Half of us are reluctant to get on our feet for more than 20 minutes. Compared to the progress made on cycling, for walkers it’s been pedestrian. Thanks to a combination of hypermobility and underinvestment, even the shortest journey can take you to hell and back. Just like cyclists, pedestrians must find a sense of self-righteousness Zoe Williams Zoe Williams Read more The thing is, it’s partly our fault. We’ve become so used to the idea that getting anywhere requires machinery, even if it’s something as basic as a bike, that many of us have forgotten the original means of transport. That’s right – our feet.
A survey by the charity Living Streets, reported this morning, finds that almost half of Britons are unwilling to walk for 20 minutes, while a 2014 National Travel Survey, found that walking in England has fallen by almost a third since the mid-1990s. It’s still the most popular way to cover distances of up to a mile, but beyond that we’d rather take the car, train or bus. If you’re not sure how long it takes to walk a mile, the route-planning website walkit.com suggests 20 minutes at a medium pace. In other words, if it would take us longer to walk somewhere than to cook a portion of oven chips, the vast majority of us can’t be arsed.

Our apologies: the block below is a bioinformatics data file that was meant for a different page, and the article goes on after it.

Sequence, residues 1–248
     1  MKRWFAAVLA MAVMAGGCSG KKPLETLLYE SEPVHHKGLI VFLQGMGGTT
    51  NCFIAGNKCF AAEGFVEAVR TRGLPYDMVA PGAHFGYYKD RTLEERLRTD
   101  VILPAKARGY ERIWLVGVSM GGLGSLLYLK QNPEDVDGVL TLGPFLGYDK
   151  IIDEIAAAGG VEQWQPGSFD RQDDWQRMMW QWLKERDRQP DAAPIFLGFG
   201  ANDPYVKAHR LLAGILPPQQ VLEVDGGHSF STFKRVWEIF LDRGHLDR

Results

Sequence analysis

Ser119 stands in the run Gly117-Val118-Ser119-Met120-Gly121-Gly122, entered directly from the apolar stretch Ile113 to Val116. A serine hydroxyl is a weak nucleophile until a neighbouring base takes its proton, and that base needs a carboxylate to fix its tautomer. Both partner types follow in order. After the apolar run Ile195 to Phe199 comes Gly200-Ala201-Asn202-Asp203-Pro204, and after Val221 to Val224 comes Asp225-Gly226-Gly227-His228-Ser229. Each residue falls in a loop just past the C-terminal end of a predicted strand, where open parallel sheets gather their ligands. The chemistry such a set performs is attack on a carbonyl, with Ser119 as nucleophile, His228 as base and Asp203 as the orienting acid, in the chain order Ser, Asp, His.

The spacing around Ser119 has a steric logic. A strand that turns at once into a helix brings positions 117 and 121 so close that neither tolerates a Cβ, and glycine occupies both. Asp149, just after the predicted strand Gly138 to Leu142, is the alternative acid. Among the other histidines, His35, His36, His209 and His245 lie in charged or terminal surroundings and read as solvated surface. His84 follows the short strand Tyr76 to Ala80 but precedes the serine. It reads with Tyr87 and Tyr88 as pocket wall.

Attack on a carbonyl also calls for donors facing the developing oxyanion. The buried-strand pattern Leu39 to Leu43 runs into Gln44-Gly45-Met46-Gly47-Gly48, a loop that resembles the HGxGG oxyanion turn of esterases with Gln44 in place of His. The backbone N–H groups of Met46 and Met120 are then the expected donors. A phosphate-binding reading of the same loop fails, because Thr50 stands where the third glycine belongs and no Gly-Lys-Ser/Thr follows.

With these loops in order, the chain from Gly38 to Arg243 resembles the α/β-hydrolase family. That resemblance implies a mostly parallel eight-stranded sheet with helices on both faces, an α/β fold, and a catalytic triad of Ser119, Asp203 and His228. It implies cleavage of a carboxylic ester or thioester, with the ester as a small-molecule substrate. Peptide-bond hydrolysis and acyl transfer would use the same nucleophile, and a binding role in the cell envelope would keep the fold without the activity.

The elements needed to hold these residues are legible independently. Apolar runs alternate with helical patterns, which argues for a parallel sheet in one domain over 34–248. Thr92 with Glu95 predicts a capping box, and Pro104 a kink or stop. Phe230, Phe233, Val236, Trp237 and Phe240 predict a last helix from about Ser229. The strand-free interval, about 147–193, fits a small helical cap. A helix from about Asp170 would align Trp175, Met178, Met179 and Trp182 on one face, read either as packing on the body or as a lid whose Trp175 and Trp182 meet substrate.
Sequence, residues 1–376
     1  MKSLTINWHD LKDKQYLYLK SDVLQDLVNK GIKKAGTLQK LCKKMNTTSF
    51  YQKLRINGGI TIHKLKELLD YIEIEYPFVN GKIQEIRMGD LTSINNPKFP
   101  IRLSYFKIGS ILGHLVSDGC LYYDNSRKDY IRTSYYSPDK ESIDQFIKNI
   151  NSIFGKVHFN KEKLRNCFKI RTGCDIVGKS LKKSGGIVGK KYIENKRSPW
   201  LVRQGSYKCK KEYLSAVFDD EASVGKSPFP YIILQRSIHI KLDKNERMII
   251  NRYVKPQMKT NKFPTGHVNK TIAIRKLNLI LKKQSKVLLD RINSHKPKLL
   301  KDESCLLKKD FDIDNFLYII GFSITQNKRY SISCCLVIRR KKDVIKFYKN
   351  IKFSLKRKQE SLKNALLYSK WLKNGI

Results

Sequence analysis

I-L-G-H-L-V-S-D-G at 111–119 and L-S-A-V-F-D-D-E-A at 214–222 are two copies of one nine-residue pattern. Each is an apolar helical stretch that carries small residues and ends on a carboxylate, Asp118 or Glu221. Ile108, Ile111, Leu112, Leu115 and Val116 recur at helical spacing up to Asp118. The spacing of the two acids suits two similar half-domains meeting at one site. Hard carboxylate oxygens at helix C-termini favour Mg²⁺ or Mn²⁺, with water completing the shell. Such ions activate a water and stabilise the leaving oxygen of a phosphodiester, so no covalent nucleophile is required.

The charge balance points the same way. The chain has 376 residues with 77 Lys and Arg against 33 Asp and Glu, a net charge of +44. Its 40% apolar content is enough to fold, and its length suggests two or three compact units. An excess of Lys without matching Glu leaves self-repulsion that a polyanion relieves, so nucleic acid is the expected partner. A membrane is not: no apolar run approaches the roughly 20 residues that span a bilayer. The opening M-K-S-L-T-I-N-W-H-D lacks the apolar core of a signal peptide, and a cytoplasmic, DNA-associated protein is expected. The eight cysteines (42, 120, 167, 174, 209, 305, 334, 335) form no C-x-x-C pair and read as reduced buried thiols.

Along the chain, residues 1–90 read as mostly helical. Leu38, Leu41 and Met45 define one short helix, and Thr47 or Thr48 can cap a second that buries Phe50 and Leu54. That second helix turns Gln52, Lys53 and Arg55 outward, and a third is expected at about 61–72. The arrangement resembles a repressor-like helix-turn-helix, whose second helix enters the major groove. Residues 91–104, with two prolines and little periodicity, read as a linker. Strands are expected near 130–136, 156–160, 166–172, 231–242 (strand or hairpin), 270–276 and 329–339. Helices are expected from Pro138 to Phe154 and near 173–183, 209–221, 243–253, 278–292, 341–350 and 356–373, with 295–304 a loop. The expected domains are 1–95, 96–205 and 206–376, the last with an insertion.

At a time of growing obesity and air pollution, we’d rather burn fuel and conserve our fat reserves. If you’re a walker yourself, it’s depressing to sit on a bus and watch apparently healthy people travel just one or two stops (and I write as someone whose mother used to get in the car to visit the next-door neighbour.) You can’t help wondering how long they’ll stay well. In addition to obesity, walking has been shown to reduce the risk of heart disease, type-2 diabetes, asthma, strokes and some cancers.
Sourced through Scoop.it from: www.theguardian.com